Whether pure glycerine moisturises skin or actually dries it from the inside out is debatable. Manufacturers include it in most bathroom toiletries, such as shampoos, conditioners and lotions. Some believe that mixing it with water enhances hair's moisture.
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Glycerine is also known as glycerine and glycerol, and all of these names are commonly used interchangeably. Often marketed as an emollient and humectant, glycerine is the by-product of the soap-making process and comes from animal or vegetable fats.
According to PioneerThinking.com, the pure chemical product glycerine is referred to as "glycerol," which shows that it is an alcohol, while the impure commercial form is glycerine. Pure glycerine is a solvent, which means things dissolve into it, and is also water and alcohol soluble.
Benefits of Glycerine + Water
Some praise glycerine and water as a mixture for hair care. HairliciousInc.com, a beauty information website, advises people to add glycerine to their hair relaxer product when it's running low to extend it. They also say spraying the water mixture on the scalp softens new growth because as a humectant, glycerine draws moisture into the hair and skin.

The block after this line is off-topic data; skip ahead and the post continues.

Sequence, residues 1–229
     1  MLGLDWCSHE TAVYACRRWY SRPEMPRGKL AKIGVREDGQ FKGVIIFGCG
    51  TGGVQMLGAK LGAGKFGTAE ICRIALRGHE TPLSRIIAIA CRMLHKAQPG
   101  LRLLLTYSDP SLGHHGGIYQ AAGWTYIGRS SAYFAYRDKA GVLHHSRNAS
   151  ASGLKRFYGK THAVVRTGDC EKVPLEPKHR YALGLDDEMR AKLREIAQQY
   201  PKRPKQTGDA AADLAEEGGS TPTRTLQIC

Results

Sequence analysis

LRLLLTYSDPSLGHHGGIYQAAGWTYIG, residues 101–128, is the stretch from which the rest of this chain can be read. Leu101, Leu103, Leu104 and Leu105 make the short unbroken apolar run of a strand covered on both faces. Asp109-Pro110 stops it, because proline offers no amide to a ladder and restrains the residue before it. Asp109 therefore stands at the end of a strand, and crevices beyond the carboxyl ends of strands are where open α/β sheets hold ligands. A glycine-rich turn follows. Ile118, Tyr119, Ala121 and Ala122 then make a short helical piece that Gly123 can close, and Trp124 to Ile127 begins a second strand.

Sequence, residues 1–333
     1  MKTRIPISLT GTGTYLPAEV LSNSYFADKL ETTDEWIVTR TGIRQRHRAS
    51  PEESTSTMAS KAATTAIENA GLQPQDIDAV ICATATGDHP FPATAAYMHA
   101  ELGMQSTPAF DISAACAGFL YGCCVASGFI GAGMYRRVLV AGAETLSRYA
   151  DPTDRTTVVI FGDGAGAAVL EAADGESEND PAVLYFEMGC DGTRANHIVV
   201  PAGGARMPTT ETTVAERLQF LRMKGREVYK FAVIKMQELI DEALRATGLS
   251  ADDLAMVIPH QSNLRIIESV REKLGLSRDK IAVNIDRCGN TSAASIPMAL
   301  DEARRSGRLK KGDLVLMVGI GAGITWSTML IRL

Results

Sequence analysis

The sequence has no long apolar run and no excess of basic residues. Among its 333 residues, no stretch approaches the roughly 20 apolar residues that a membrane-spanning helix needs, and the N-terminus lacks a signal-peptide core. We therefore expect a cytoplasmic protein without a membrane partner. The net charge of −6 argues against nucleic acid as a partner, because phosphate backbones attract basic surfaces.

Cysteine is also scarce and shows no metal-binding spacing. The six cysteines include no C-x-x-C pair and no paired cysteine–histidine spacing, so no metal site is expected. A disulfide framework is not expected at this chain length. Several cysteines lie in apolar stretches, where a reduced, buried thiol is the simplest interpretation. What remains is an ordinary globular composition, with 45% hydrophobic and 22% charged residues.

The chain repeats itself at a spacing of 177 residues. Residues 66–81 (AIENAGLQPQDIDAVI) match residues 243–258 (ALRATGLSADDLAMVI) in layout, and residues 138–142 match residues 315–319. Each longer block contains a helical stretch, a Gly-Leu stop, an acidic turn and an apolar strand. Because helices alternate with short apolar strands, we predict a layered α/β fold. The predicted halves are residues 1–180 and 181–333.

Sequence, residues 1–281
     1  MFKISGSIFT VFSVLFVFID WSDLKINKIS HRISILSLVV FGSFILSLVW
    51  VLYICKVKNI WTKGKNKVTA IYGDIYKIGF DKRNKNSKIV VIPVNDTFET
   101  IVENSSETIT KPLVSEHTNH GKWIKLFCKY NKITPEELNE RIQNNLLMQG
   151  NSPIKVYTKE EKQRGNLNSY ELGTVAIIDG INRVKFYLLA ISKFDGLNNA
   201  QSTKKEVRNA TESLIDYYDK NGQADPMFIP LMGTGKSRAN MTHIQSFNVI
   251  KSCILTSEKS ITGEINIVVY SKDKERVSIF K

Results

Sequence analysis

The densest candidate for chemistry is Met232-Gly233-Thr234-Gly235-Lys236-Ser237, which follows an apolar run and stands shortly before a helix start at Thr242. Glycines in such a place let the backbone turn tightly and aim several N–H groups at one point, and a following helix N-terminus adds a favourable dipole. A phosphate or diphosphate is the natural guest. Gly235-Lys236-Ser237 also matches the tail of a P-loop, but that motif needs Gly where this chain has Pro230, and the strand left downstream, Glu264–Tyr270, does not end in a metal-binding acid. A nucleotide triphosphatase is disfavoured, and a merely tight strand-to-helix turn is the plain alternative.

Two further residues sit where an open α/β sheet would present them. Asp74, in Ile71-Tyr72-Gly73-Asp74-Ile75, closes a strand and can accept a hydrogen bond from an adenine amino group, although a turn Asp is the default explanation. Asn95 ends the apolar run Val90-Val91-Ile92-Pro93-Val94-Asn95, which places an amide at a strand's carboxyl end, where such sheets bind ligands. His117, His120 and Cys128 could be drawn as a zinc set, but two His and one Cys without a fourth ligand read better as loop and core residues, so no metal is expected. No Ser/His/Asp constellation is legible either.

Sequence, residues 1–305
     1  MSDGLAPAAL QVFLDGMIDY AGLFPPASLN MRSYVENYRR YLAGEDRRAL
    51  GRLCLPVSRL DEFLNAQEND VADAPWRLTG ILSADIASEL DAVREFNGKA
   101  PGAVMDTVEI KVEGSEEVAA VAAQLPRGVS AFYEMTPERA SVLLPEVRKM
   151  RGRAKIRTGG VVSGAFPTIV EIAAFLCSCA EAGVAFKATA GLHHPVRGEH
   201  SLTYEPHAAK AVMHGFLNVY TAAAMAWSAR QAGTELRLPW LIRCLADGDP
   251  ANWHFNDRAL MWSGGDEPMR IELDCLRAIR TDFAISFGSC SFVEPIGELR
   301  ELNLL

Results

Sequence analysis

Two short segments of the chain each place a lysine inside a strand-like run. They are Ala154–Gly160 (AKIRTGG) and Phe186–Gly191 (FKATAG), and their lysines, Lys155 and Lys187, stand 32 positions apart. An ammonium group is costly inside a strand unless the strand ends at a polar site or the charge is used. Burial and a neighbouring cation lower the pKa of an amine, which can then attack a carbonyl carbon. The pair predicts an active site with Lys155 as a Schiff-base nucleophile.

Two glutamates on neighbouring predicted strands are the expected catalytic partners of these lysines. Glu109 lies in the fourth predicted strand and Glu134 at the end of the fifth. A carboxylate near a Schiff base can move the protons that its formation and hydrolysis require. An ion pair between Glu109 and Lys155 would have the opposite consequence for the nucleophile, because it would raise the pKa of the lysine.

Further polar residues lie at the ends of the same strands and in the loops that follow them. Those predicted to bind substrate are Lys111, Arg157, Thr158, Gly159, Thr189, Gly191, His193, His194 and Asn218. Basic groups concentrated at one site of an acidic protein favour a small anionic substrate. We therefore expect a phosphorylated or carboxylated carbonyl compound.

Drawbacks of glycerine
While glycerine and water may work on dry, coarse hair, another website warns that glycerine on curly hair can cause more harm than good. NaturallyCurly.com says that used with heat styling tools, glycerine conducts thermal energy quite well and will cause more shaft breakage.
Use a protective conditioning treatment in conjunction with a glycerine and water mixture when using hot styling tools so that the heat doesn't boil the hair's natural moisture within.
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